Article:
Do writers suffer for their art?

Writing can have its downside. At some stage, many of us have probably suffered from lower back pain, aching shoulders, sore eyes or headaches. And then there’s something called writers bottom! Spending much of the day tapping away on the keyboard can even lead to serious conditions such as repetitive strain injury and carpal tunnel syndrome.  We all know how important it is to have a decent chair at the correct height, but how many of us end up huddled over to stare at the screen? My husband is constantly moaning at me for doing so. I can only hope that five hours of yoga, tai chi and Pilates, plus a similar amount of time line dancing and Zumba each week make up for my slovenly posture at my desk. Knowing the theory is one thing, it’s the putting into practice that can easily fall by the wayside.

Trying to get published can be soul destroying. When the rejections keep coming, it takes grim determination not to let it ruin your day even if it doesn’t stop you writing. Perhaps that’s why so many writers self-publish.  There’s a limit to how many times you can face being knocked back.

Does it have its positive side? Perhaps we should take note of Aldous Huxley’s famous quote – ‘Perhaps it’s good for one to suffer. Can an artist do anything if he’s happy? Would he ever want to do anything? What is art, after all, but a protest against the horrible inclemency of life?’ I’m not sure that I would go that far, but then I write cozy crime not angst-ridden literary fiction.

I’m just back from a research trip for my next Fiona Mason Mystery. Setting my novels in different countries on a holiday tour means I need to do the holiday itself – definitely a hard life, but someone has to do it! My husband and I went on a wonderful river cruise along the River Rhone. On our first full day, we went on a tour to Les Baux up in the hills of Provence. I managed to trip and fell headlong. I’m not sure that I was actually making notes at the time but I certainly had my pen in one hand and my note book in the other. I managed to dislocate the middle finger of my right hand (good job I’m left handed). Strangely enough, it didn’t hurt – either at the time or, after three or four puffs on some magic gas and air, when the surgeon pulled it straight. The bruises on my chin, left hand and shoulder were more painful. The worst part of the experience was the ambulance ride to Avignon hospital. The bed was ridiculously high off the ground and the rail only a couple of inches high. The straps meant to hold me down were very slack and any attempts to tighten them failed. With a damaged right hand, I had to grip like mad with the left every time we went round a corner. On the plus side, I’ve never been in an ambulance before so if one of my characters ends up having to be rushed to hospital, I can at least write from experience.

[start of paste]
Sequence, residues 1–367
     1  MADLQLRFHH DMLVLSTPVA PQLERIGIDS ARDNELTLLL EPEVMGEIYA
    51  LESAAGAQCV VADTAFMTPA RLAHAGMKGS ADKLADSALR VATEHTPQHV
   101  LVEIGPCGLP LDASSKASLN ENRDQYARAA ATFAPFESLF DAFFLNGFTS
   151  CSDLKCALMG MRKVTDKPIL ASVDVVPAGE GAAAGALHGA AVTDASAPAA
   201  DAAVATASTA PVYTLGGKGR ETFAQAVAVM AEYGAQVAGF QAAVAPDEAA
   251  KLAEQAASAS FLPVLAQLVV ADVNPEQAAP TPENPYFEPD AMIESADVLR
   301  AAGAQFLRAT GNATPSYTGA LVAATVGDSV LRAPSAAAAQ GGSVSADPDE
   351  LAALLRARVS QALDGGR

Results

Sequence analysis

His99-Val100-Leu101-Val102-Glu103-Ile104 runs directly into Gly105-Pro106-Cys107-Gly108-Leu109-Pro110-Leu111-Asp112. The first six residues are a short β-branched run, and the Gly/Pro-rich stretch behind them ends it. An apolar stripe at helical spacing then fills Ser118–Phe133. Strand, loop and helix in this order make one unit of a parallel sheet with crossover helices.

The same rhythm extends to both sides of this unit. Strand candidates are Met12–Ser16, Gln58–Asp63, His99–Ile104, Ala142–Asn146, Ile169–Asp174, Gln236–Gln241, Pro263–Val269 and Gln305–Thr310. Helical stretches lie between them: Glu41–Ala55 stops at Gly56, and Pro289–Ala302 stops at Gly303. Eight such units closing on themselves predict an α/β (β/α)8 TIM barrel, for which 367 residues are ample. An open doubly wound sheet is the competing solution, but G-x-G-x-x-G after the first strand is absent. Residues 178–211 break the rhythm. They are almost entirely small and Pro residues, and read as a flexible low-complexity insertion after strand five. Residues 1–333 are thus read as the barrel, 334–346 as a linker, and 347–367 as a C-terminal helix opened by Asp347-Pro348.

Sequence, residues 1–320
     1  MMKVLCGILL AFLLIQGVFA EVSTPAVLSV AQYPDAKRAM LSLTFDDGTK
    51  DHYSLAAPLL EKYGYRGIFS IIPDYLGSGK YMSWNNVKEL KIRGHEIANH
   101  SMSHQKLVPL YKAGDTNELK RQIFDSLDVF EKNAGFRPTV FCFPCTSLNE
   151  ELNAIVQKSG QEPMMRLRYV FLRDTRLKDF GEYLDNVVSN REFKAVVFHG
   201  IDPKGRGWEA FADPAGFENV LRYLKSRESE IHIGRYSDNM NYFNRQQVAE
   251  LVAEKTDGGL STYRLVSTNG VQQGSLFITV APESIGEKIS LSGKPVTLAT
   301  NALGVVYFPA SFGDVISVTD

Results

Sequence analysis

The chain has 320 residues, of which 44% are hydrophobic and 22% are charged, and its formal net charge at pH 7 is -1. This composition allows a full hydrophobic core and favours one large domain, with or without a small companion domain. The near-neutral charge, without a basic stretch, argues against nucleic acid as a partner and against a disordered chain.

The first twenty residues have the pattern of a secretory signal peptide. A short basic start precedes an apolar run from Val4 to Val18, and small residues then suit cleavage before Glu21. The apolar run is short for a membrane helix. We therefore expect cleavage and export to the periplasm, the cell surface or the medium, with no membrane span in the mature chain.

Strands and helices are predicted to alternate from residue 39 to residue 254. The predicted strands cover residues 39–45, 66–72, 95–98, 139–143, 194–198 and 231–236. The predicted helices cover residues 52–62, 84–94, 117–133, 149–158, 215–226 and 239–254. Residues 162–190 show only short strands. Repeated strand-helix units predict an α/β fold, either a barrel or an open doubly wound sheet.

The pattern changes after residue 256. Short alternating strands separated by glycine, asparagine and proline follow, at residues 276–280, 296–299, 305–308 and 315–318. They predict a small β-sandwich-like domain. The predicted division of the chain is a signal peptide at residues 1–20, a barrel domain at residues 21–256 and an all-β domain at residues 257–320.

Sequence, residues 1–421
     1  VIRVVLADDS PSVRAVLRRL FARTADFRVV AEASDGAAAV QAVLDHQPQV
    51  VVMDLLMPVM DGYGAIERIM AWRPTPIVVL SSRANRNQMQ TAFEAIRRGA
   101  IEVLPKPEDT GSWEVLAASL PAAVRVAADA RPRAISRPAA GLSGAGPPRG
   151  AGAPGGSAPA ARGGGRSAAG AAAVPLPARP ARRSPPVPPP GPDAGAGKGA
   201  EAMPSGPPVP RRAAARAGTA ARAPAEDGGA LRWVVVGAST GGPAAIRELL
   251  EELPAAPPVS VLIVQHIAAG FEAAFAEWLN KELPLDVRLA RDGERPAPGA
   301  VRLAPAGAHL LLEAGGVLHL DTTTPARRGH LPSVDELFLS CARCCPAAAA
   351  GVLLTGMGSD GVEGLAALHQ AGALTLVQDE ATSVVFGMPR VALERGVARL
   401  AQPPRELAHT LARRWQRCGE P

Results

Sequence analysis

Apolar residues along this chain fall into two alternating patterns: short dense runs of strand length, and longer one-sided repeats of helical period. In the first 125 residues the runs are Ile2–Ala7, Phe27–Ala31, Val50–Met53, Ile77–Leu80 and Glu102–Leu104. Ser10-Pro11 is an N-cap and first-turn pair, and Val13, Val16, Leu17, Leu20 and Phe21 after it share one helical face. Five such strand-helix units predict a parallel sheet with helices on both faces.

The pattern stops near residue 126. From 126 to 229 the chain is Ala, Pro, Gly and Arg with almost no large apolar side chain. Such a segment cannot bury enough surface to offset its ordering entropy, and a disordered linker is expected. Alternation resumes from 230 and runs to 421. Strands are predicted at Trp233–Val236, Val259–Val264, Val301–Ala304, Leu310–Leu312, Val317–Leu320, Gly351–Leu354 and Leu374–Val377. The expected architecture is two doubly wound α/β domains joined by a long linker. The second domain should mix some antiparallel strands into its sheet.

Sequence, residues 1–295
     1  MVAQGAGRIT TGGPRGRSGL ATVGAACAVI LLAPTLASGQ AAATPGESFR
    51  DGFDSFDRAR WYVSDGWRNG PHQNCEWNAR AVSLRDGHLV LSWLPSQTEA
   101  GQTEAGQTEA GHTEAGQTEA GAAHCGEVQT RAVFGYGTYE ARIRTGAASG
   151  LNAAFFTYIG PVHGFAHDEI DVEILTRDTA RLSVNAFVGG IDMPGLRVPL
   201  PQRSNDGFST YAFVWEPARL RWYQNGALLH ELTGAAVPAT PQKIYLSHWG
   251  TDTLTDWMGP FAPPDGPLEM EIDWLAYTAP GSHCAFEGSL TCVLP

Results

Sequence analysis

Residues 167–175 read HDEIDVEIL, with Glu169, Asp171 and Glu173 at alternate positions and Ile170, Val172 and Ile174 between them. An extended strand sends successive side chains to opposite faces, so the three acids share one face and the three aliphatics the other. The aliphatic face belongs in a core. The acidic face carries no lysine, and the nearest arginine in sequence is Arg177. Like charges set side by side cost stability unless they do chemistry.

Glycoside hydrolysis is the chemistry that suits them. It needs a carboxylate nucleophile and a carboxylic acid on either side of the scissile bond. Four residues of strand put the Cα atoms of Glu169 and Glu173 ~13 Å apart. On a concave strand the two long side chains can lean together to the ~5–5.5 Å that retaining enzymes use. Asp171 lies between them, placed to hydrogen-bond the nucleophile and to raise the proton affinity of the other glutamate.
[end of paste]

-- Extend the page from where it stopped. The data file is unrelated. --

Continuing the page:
It was a hiccup not a disaster, but it demonstrated how kind people can be. I could not have been better looked after. The cruise director was escorting the tour and she phoned for the ambulance and waited with me until it came. It was fortunate that the ambulance took me to Avignon and not Arles. Our ship, the Viking Heimdal, was sailing from Tarascon back to Avignon. After we left the hospital, we were able to walk into town and have a meal before we wandered to the river to watch the ship’s arrival at 10pm. Once the gangplank went down, even before it was secured, the captain came running down. I assumed it was to check the ropes but he came over to me, whipped off his jacket and put it round my shoulders. The next day, the hotel manager gave me a bunch of roses – to cheer me up! Whenever they saw me for the rest of the trip they asked how I was. I can’t speak highly enough of Christine, Richard and Chris. Staff and passengers were all so friendly and kind. Even the maitre d’ asked how I was by name.

I haven’t begun to plot the novel yet so I have no idea if one of Fiona’s passenger will be foolish enough to trip and end up with a dislocated finger, but the experience could well end up in a book some day. We did a coach trip to the Rhine Gorge when I was writing Blood in the Wine. The itinerary was the same as Fiona’s. Those of you who have read the book may remember one of the characters slipped down the last two stairs and wrench an ankle. That really happened and I was in some pain by the time we got to the hotel (the one I describe in the novel) and like Fiona, I was too preoccupied to listen to the instructions on how to find our room.

Perhaps we do suffer for our art, but if it’s any consolation, always remember, you can use it a future book. We writers can get our own back on all those difficult people we meet by using them as models for our more unpleasant characters, (I have many a time). No difficult experience is ever wasted. Keep smiling. Keep writing.

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